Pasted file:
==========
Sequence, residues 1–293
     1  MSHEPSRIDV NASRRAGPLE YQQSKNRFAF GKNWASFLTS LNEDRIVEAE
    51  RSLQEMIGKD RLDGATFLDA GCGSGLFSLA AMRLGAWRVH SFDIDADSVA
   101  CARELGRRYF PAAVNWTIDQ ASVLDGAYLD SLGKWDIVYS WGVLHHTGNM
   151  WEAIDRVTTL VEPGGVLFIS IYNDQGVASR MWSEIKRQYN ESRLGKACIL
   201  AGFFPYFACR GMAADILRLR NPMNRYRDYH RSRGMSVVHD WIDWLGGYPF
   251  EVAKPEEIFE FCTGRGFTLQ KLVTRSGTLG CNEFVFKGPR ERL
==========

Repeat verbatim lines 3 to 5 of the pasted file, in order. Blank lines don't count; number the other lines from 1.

    51  RSLQEMIGKD RLDGATFLDA GCGSGLFSLA AMRLGAWRVH SFDIDADSVA
   101  CARELGRRYF PAAVNWTIDQ ASVLDGAYLD SLGKWDIVYS WGVLHHTGNM
   151  WEAIDRVTTL VEPGGVLFIS IYNDQGVASR MWSEIKRQYN ESRLGKACIL